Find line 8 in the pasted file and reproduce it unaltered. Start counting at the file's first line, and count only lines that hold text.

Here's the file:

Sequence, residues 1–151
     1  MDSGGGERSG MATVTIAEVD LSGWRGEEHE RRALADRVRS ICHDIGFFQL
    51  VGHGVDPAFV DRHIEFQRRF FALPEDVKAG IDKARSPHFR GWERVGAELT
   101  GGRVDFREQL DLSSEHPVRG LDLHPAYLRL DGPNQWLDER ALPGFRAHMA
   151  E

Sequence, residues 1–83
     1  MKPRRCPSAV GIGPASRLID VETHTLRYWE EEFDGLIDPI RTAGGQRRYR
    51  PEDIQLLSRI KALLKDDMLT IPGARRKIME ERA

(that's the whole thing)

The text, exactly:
    51  PEDIQLLSRI KALLKDDMLT IPGARRKIME ERA